'Blade Runner's Bonkers Behind-The-Scenes Reason For Its Title

How we went from 'Do Androids Dream of Electric Sheep?' to 'Blade Runner.'
'Blade Runner's Bonkers Behind-The-Scenes Reason For Its Title

This weekend we’re getting a new installment in the Blade Runner franchise, an animated series on Adult Swim. But judging from the trailer, it looks pretty serious, so don’t expect to see, say, Deckard teaming up with Rick and Morty to hunt replicant Harvey Birdman.

his latest expansion of the franchise prompted us to wonder: what the hell is a “Blade Runner” exactly? Sure, it makes for a cool-as-hell movie title, but as an in-universe job description, it’s simply baffling. Why not Droid Hunter? Or Robo-cutioner? It’s not like Rick Deckard was a knife-wielding decathlete, so where did the name come from?

It turns out that the answer is surprisingly convoluted. As reported by Vulture in 2017, the term first originated with author Alan E. Nourse in his 1974 science fiction novel The Bladerunner. The book had nothing to do with artificial life or giant neon Atari billboards, but rather a future dystopia in which forced sterilization has created a black market healthcare system reliant on smuggled medical equipment, such as scalpels, supplied by the aptly-named “bladerunners.”

For some reason, the book caught the attention of legendary author and beat poet William S. Burroughs who wanted to adapt it into a movie. Not surprisingly, the film treatment for this creepy sci-fi novel penned by the Naked Lunch guy was “unfilmable,” so Burroughs released his failed pitch as a novella, confusingly titled Blade Runner (a Movie).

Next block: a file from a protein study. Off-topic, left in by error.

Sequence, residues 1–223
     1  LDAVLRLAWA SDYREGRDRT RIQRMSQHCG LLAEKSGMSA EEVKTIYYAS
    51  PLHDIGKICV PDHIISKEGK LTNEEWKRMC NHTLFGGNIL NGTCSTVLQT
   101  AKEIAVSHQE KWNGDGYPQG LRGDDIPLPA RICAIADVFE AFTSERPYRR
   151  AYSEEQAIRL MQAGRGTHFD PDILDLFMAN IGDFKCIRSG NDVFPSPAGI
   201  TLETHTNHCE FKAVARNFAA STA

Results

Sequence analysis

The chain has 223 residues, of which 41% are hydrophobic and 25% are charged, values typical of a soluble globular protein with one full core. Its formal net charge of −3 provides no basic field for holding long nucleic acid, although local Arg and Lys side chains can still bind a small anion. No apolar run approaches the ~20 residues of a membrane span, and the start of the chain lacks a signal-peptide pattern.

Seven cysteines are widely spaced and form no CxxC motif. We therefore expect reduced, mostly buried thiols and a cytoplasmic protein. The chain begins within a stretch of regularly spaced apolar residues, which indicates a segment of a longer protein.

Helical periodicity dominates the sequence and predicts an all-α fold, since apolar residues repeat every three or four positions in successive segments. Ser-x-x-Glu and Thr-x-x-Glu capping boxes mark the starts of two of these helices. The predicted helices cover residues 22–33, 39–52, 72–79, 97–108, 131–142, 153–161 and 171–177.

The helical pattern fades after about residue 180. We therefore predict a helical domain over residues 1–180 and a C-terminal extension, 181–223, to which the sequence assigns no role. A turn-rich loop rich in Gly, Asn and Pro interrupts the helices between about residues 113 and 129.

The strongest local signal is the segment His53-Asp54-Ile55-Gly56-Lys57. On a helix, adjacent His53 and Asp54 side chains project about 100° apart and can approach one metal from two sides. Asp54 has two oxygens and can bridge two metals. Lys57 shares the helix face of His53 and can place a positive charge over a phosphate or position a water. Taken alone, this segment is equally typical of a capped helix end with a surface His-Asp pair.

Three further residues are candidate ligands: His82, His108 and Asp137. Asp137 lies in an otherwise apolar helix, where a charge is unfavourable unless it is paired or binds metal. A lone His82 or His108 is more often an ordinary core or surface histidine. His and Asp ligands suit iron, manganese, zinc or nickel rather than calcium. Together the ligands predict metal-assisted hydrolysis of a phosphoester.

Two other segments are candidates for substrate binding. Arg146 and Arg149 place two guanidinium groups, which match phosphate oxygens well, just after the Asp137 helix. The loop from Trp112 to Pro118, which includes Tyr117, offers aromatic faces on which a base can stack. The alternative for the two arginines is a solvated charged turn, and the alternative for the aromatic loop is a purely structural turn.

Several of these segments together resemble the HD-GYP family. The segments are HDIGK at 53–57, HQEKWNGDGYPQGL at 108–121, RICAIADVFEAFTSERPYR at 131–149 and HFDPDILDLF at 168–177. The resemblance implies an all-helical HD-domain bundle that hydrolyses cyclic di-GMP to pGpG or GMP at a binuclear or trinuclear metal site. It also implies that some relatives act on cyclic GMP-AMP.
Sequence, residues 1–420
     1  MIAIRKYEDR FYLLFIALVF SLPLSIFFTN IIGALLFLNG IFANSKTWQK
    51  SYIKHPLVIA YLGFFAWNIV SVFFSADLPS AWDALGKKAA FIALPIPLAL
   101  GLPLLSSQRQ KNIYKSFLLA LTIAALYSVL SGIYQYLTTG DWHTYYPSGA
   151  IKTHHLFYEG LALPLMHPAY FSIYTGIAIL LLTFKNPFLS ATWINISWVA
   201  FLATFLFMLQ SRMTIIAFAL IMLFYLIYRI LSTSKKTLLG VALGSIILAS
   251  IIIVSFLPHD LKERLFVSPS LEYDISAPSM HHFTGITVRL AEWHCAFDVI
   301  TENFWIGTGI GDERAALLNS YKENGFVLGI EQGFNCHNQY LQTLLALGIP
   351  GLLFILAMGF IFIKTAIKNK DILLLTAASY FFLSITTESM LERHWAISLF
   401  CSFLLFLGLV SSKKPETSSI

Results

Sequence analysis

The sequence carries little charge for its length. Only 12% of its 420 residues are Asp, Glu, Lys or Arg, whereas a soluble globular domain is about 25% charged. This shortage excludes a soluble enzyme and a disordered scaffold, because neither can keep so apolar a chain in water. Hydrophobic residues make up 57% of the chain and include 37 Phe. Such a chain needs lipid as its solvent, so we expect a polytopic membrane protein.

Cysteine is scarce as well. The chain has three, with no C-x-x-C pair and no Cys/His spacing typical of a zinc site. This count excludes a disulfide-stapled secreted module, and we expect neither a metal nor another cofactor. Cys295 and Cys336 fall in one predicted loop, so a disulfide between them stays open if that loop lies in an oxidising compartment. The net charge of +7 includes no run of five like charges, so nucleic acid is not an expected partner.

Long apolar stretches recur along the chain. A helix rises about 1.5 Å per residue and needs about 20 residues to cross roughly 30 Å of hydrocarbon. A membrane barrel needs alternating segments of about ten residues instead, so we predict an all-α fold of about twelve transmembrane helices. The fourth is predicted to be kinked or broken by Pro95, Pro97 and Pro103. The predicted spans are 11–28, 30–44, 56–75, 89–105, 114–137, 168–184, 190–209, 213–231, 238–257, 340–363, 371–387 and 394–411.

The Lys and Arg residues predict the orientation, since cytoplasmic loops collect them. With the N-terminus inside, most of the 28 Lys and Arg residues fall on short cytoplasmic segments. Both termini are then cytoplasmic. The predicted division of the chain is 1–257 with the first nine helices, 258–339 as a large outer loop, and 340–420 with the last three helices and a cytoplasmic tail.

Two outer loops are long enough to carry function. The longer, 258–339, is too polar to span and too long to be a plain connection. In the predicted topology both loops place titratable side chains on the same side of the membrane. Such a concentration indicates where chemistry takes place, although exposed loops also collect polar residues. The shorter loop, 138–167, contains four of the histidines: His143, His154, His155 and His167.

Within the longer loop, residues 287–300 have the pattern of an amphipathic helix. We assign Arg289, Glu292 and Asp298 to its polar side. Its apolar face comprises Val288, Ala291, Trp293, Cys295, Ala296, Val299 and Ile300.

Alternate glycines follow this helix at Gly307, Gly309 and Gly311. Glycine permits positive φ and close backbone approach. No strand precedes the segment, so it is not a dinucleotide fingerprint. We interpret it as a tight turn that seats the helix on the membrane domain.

Ballantine Books/Blue Wind Press

In the early ‘80s, Ridley Scott was prepping his movie adaptation of Philip K. Dick’s Do Androids Dream of Electric Sheep? and suggested that screenwriter Hampton Fancher come up with a proper title for the lead character’s job. Fancher got the name by simply scanning his bookshelf -- thankfully, he had the Burroughs book, or else Harrison Ford might have starred in Ridley Scott’s Oxford English Dictionary

While the movie offers no explanation for its nonsensical yet admittedly very cool-sounding name, one eventually came in the sequel -- no, not Blade Runner 2049, we mean the 1995 novel Blade Runner 2: The Edge of Human. Weirdly, this now mostly-forgotten book paused the action to offer a lengthy, not entirely-convincing reason for why Blade Runners are called “Blade Runners.” Apparently, they were originally called “Bleibruhigers” because “Bleib ruhig” is German for “stay quiet,” and replicant technology was once a closely-guarded secret. So eventually, “Bleibruhiger got Anglicized to blade runner,” and everyone just rolled with it apparently.

Bantam Books

Since this book is seemingly no longer part of the Blade Runner canon, perhaps they’ll come up with a new backstory in which someone at the Tyrell corporation just grabbed the name off of some random paperback.

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Top Image: Warner Bros.

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